Reader describes impact of NATO bombing on Yugoslavia
11 May 1999
I am Serbian and my husband is Croatian. Our family has been cut down by war from both sides.
My husband's parents and family were driven out of their home and land by the war over Bosnia. Although they have been able to return, everything has been destroyed, they lost virtually everything. When they went back, their vineyard was completely ruined, all the vines were cut down and years of work gone.
Another group of our relatives consists of Krajina Serbs, who have been ethnically cleansed and scattered. Some of them are living in a refugee camp near the Hungarian border, after they were first sent to Kosova. They are living 50 in a room, they've tried to put up a few partitions. If they need soldiers, they'll be the first ones to be picked on.
After they were driven out, a baby was born to one of them in a Serbian hospital. The Serbian authorities refused to register the baby's birth, because the parents came from Croatia, and therefore had no status. They said "Go and register it there." Neither would the Croatian authorities register the baby, because the father is a Serb. So the child is stateless.
Now we are being destroyed on my side of the family as well. Every night they are being bombed in Belgrade. My brother lost his job in a factory, he was a fitter and turner. Now the factory has been bombed. There is a disused army camp a few streets away from their house, so that has been bombed as well. My sister-in-law and niece work in the city, near big government buildings. They try to go to work to keep going, but they could get killed there too. My 14-year-old nephew is really terrified because of the bombing. Now everybody from 14 has to register their identity in case of military call up.
Every night they all huddle down in a cellar. My sister told me they hide there with Albanian women, who live in the same street. "We are holding each other and crying for fear of the bombs. No matter our nationality, we are all being bombed."
There is almost no food to buy, the shops are increasingly empty. They go kilometres looking for cooking oil, and still they don't get it. My family would starve, if people did not bring them a few pieces of food. There are good people. They come and give food from their farms outside Belgrade, to the people who are hiding in the shelters.
My sister could not open her eyes for four days, because of the pollution from the bombing. My brother said that every time you go out after the bombs, you nearly choke from the chemicals, and the burning fuel.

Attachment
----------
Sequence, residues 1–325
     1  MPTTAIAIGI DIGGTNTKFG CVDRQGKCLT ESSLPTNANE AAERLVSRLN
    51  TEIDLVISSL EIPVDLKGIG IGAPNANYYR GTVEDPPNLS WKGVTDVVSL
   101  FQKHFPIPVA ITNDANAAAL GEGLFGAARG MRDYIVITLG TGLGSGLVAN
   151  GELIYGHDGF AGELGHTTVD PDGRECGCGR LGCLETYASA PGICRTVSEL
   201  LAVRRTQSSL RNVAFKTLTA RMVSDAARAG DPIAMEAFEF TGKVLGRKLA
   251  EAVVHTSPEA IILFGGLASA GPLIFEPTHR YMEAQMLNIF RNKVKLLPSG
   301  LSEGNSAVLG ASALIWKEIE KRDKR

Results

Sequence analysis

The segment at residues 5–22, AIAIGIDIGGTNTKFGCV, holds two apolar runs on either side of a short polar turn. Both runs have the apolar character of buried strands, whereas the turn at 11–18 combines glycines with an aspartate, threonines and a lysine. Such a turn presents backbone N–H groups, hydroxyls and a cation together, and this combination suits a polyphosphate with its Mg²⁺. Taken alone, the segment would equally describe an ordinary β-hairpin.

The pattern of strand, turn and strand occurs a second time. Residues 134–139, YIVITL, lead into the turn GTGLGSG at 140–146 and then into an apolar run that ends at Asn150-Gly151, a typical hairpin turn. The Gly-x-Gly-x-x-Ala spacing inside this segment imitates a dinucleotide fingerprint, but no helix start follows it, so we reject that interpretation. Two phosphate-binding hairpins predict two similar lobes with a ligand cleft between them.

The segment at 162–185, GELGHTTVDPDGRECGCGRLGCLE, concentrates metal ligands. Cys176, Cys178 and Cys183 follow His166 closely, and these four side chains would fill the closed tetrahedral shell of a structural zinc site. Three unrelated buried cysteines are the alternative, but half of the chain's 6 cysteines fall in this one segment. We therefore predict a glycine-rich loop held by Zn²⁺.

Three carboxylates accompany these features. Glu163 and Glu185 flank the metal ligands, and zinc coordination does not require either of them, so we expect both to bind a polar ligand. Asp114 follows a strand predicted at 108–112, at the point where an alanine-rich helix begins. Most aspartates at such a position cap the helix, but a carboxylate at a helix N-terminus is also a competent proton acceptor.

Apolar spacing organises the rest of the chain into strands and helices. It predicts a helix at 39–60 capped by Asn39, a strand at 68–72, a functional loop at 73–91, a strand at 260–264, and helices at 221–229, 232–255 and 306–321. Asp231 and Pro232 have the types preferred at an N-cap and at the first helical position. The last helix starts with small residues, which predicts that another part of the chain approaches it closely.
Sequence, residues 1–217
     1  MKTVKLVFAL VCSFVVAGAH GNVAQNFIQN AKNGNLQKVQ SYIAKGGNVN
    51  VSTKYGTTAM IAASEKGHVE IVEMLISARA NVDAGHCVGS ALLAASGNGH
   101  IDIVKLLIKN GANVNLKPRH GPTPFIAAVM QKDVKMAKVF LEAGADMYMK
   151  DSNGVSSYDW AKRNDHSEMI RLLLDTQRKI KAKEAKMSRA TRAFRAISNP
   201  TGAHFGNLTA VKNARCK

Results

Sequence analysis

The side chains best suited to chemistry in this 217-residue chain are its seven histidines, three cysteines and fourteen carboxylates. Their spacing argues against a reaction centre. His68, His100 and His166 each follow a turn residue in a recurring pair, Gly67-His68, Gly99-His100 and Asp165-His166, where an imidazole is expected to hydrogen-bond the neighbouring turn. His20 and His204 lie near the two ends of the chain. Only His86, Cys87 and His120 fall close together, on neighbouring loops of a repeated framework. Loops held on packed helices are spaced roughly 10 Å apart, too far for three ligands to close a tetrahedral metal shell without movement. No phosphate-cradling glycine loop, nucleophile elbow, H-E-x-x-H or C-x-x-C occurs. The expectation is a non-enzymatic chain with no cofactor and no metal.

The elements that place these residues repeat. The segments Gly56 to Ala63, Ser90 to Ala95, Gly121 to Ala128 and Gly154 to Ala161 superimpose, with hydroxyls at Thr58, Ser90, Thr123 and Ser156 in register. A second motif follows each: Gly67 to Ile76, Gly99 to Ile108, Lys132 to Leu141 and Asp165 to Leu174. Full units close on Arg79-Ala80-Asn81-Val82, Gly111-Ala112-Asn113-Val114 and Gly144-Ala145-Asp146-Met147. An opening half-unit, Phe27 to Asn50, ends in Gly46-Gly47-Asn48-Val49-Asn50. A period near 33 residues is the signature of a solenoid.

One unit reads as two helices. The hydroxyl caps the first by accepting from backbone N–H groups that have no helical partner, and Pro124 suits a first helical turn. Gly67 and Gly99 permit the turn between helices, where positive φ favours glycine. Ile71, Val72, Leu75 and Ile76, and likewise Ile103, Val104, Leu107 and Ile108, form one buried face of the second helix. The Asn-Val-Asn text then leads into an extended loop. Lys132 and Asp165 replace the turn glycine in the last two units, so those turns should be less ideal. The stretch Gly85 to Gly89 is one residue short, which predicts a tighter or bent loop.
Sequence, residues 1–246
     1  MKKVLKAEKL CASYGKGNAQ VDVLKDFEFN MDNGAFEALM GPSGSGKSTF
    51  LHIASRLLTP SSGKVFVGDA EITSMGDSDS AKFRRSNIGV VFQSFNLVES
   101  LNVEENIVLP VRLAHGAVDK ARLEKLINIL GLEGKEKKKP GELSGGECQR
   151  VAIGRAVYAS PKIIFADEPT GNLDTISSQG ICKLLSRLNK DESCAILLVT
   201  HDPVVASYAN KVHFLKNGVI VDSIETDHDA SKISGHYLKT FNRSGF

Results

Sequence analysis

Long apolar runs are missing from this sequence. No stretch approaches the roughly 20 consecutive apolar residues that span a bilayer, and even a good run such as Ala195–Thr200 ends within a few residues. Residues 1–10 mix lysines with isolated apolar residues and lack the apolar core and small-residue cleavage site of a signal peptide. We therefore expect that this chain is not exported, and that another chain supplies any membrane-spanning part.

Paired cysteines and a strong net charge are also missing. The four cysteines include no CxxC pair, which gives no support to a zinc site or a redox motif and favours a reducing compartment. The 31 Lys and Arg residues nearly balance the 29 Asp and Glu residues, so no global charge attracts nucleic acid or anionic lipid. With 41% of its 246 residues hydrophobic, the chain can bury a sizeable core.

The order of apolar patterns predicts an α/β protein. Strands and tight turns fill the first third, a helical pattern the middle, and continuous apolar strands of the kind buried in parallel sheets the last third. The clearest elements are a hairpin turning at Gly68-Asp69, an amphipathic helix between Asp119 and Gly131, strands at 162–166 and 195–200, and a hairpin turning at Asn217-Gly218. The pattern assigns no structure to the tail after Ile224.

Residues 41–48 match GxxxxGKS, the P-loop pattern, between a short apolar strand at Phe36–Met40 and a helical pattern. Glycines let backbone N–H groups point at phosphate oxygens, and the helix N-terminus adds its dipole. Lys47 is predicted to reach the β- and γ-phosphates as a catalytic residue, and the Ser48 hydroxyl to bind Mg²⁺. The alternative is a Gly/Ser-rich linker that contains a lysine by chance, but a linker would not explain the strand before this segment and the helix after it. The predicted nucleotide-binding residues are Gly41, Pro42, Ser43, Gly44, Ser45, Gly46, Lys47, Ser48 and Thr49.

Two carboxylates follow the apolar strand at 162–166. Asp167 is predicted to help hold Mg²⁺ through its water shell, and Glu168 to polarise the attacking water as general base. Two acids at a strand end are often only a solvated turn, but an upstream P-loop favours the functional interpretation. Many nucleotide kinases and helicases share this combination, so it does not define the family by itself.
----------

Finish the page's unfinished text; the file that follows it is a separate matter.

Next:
The water has been cut off for long periods, and the people don't trust the water any more, they don't know what has been dropped in it.
They have no electricity, not just for six or seven hours, but for whole days at a time. US-NATO boasted that they can turn the switch off "whenever we need to and whenever we want to." It virtually means "Do what we say, or we will kill everybody." They might as well say: "We can kill them whenever we want."
The schools are not working, they were supposed to go back on May 5, that is, the ones that have not been destroyed. Anyhow, the US-NATO is likely to declare that schools are like military targets.
When they bombed the bus, they claimed "the soldiers are constantly using public transport." They want to make an excuse, that's all it is.
They decided the TV station is a military target. They can decide anything is. I don't believe that is international law. They just made up that decision. The real reason is that they don't want anybody to see what is really happening to the whole population.
Where is it all leading to? They can decide to destroy everything.
Even some Croatian people who would not even talk to Serbians during the war in Croatia cannot agree with what the US-NATO is doing in Serbia now, and tell me so.
If this continues, if anybody stays alive, the people in Belgrade are no better off than the refugees in Kosova. Already they are without food. Where will everybody go, who will take them?